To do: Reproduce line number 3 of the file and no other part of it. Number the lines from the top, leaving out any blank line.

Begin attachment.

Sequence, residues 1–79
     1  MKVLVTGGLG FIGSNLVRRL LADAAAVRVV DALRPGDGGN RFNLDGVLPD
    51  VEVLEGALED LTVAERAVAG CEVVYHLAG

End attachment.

    51  VEVLEGALED LTVAERAVAG CEVVYHLAG